南アのマンデラ元大統領が死去。その反響が世界中から寄せられています。

見出し:World Leaders Reflect on(を回想する)Mandela’s Legacy(遺産)
LONDON — After the long months of vigil(徹夜)as Nelson Mandela weakened, far from public view, many around the world awoke Friday to mourn(を悼む)and praise him and to ponder(を熟考する)his legacy.

In South Africa, at a service(礼拝)in Cape Town, Archbishop(この場合「大主教」)Desmond Tutu, himself a towering(偉大な)figure(人物)in the struggle against apartheid that defined(を説明する)much of Mr. Mandela’s life, spoke for the hopes and fears of many of his compatriots(同胞)when he told congregants(信仰目的で集まる人)at St. George’s

Anglican Cathedral early on Friday: “Let us give him the gift of a South Africa united, one.”
As flags flew at half-staff(半旗の位置で)across South Africa, a sense of loss, blended with memories of inspiration, spread around the world from President Obama in Washington to members of Britain’s royal family and on to those who saw Mr. Mandela as an exemplar(典型)of a broader struggle.

“A giant among men has passed away,” said Prime Minister Manmohan Singh of India. “This is as much India’s loss as South Africa’s.”

In London, Prime Minister David Cameron declared: “A great light has gone out in the world.”

Britons often claim a particular bond among the many Europeans who supported South Africa’s struggle against apartheid, leading efforts to impose an international boycott on South African sports figures and gathering frequently to protest outside the country’s high commission(大使館のこと), or embassy, in Trafalgar Square in London.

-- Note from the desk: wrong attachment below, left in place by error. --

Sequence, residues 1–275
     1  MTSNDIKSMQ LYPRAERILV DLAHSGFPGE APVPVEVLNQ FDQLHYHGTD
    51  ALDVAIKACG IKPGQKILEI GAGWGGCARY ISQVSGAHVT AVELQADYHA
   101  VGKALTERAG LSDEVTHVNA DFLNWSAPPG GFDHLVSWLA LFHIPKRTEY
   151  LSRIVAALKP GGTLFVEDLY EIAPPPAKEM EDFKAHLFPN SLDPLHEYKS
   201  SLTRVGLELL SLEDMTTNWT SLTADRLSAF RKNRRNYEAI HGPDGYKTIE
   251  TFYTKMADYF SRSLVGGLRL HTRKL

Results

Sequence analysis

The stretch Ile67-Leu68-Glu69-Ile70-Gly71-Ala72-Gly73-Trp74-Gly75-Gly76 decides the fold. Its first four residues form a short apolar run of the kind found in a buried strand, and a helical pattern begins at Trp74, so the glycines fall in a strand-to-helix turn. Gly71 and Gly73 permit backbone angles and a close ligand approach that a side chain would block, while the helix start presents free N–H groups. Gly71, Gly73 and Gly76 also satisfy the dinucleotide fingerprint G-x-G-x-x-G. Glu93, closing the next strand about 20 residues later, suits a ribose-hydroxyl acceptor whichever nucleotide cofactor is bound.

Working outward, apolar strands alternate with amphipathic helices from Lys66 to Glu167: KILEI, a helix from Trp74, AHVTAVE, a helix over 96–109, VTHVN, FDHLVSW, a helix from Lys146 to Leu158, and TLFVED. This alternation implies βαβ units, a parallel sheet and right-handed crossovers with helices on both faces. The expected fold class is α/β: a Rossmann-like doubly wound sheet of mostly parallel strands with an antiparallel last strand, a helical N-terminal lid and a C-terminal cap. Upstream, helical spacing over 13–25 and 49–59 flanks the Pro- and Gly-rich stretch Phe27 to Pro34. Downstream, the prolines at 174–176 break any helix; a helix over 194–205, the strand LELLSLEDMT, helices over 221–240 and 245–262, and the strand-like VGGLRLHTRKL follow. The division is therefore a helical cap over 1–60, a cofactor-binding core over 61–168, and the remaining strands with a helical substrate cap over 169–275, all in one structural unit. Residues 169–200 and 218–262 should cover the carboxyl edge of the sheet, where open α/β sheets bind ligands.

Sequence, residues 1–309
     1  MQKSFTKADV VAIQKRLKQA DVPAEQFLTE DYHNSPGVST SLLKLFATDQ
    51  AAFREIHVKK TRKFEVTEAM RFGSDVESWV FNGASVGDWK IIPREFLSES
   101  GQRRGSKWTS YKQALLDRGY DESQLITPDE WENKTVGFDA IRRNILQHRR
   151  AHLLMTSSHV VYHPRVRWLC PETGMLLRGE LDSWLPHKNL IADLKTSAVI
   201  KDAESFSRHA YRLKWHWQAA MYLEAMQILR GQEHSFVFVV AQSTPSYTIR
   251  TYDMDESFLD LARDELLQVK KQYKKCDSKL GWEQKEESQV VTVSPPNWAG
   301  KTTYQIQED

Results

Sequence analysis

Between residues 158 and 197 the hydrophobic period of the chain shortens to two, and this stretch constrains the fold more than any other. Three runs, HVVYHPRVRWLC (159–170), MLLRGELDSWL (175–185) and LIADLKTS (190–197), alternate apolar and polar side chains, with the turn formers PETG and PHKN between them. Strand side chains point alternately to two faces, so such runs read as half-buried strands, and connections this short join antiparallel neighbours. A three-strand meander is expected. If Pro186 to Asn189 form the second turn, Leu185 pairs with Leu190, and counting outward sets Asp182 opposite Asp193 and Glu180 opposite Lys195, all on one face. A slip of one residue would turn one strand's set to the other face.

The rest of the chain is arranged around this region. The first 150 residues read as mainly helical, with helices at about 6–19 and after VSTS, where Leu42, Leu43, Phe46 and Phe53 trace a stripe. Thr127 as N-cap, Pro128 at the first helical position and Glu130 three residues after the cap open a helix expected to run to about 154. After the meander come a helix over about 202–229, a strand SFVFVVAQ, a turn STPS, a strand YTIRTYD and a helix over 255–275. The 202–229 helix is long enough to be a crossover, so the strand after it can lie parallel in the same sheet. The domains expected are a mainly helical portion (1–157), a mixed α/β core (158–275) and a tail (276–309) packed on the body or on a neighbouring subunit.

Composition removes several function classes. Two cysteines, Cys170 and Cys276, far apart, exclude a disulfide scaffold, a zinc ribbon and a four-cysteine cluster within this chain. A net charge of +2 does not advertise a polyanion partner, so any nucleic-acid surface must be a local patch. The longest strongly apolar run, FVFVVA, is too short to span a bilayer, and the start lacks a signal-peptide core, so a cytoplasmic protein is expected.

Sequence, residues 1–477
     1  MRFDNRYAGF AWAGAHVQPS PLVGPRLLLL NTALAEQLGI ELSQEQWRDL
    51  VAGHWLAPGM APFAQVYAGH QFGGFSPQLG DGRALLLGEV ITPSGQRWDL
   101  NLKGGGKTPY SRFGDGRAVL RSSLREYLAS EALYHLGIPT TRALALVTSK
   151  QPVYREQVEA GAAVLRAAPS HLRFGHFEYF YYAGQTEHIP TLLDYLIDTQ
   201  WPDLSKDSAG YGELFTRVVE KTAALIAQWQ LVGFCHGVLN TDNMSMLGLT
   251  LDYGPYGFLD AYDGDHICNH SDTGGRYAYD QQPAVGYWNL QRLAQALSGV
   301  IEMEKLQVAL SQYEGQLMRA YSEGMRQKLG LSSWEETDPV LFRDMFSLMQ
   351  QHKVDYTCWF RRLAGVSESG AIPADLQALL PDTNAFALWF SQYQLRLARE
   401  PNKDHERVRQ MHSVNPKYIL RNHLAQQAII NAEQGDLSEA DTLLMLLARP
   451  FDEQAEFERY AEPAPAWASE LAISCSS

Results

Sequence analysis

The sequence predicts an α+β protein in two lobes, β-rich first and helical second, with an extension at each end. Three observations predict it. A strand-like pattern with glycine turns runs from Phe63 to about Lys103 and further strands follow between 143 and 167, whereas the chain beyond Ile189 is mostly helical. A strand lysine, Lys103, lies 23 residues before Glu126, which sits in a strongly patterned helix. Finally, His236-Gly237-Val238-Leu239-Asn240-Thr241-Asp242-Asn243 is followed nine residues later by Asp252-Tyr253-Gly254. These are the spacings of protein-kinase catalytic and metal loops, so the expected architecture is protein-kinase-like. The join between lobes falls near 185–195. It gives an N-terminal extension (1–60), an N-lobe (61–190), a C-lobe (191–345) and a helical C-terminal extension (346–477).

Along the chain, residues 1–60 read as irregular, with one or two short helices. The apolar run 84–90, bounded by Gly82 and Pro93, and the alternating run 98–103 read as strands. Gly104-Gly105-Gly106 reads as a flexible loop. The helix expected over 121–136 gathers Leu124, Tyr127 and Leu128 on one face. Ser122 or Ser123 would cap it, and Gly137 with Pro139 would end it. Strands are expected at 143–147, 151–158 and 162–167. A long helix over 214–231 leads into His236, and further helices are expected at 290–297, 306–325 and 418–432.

But it was a sometimes ambivalent(矛盾する)relationship, with former Prime Minister Margaret Thatcher displaying an abiding(不変の)suspicion of Mr. Mandela’s role as a leader in the violent struggle to overthrow white rule. Newer generations had a different view.

Prince William, the second in line to the British throne(王位), spoke to reporters after attending the premiere(初日)of a new movie about Mr. Mandela on Thursday, calling him “an extraordinary and inspiring(人を鼓舞する)man.”

The tumult(騒動)of tributes(賛辞)to Mr. Mandela reflected both his ability after his release from prison in 1990 to reach out to people to forge(を築く)bonds around the world, and the way in which many leaders and public figures sought him out. His state funeral in coming days is expected to draw a vast array of world leaders.

“His passion for freedom and justice created new hope for generations of oppressed(迫害された)people worldwide,” said former President Jimmy Carter.

Musicians, clerics(聖職者)and sports figures joined the rush to offer accolades(賞賛)after Mr. Mandela’s death was announced late Thursday, with a leading South African cricketer, A.B. de Villiers, echoing Archbishop Tutu’s hope for a future free of renewed racial and social division.

“Let us now, more than ever, stick together as a nation,” Mr. de Villiers said. “We owe him that much.”
Mr. Mandela was closely linked with sport, both as a boxer in his younger days and, after becoming South Africa’s first black president, as a supporter of the national Springbok rugby team — once a symbol of white exclusivism(排他主義)— that triumphed in the 1995 World Cup.

But his broader legacy, for some sports figures, related to his quest(探求)for reconciliation(和解)and freedom.

“He taught us forgiveness on a grand scale,” the former heavyweight champion boxer Muhammad Ali said in a statement. “His was a spirit born free, destined to soar above the rainbows. Today his spirit is soaring through the heavens. He is now forever free.”